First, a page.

In an animal model, the life-long effects of snuff administration were assessed alone and in combination with infection with herpes simplex virus (HSV-1). It was shown that exposure to standard and alkaline snuff and to HSV-1/snuff induced mild to severe hyperplasia, hyperorthokeratosis, varying degrees of vacuolization and acanthosis in the squamous epithelium, as well as atrophic and ulcerated lesions. Ulcerations and mild dysplasia of the squamous epithelium were seen most frequently in HSV-1/snuff-exposed rats, with moderate dysplasia in the crevicular epithelium. Rats exposed to snuff or to HSV-1 and snuff had a higher incidence of tumours or tumour-like conditions than control rats. Squamous-cell carcinoma of the oral cavity was found exclusively in rats exposed to snuff or to the combination of HSV-1 and snuff. Papillary squamous hyperplasia of the forestomach was found only in rats exposed to snuff or to HSV-1 and snuff in combination. The incidence of malignant tumours was significantly higher (p less than 0.05) in the group of rats exposed to snuff and HSV-1/snuff than in control animals.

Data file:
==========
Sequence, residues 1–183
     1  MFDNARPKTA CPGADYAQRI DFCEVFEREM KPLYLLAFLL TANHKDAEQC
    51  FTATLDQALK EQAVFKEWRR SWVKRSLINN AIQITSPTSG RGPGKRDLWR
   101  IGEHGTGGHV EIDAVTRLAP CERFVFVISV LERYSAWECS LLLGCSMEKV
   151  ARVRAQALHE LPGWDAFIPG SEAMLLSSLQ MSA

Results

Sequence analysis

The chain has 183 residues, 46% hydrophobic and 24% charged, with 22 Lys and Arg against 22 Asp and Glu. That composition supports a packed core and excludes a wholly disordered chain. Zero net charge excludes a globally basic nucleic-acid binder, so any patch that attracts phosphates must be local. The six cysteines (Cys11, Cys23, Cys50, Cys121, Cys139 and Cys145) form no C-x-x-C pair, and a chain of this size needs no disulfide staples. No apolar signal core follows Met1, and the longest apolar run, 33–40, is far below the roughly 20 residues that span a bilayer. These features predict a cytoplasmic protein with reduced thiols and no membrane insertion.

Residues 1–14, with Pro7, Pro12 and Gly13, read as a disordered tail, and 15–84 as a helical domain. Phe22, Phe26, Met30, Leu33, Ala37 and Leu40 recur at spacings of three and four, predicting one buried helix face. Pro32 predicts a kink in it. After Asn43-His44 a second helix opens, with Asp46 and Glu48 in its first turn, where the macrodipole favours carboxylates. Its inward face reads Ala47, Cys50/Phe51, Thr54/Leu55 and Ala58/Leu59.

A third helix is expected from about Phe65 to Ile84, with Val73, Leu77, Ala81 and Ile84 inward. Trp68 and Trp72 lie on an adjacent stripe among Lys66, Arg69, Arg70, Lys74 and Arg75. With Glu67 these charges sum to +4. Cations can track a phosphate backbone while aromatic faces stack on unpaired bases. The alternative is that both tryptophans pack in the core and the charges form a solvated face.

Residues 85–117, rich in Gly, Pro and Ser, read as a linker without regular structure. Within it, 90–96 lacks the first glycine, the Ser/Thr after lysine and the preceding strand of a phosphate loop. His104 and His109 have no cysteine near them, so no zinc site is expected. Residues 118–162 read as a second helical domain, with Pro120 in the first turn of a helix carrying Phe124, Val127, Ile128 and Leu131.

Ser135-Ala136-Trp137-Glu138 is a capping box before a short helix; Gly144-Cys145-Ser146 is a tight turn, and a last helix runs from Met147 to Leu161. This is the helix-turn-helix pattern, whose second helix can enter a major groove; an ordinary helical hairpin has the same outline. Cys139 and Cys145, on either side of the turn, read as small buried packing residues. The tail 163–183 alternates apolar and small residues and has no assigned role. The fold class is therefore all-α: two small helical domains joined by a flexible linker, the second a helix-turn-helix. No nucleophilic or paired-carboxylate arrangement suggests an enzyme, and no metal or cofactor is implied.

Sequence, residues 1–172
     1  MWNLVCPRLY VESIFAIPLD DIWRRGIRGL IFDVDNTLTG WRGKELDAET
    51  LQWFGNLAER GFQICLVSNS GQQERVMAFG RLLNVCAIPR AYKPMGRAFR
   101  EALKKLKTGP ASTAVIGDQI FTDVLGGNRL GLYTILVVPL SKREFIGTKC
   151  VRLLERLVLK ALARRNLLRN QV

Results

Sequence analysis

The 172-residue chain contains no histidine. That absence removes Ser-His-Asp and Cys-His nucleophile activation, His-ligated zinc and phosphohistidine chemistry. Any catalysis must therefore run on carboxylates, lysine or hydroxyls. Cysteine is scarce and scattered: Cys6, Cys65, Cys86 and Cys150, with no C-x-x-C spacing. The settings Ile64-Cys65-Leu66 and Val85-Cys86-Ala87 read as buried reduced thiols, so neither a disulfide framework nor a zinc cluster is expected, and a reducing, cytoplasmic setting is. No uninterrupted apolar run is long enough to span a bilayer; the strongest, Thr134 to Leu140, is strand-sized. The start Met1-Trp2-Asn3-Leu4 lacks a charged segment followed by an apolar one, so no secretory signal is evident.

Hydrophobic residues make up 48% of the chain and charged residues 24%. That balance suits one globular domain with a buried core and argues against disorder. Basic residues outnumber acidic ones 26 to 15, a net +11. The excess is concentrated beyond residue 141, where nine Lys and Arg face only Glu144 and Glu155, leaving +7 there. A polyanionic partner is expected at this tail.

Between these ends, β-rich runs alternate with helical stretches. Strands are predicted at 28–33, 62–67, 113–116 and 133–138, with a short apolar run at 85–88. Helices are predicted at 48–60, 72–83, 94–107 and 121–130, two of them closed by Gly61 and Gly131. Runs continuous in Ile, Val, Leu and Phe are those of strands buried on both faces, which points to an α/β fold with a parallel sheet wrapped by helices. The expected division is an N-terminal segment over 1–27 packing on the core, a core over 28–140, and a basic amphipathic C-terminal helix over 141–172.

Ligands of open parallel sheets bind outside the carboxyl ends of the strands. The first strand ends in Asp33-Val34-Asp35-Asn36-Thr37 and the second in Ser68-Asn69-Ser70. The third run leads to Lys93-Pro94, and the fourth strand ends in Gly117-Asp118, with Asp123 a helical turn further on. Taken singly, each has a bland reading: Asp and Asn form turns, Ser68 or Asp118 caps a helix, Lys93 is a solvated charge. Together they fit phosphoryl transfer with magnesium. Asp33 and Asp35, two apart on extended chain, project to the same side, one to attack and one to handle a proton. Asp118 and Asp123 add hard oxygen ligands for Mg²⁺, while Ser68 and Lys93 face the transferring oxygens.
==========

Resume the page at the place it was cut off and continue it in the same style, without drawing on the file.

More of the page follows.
|Original language||English (US)|
|Number of pages||8|
|Journal||IARC scientific publications|
|Publication status||Published - Dec 1 1984|
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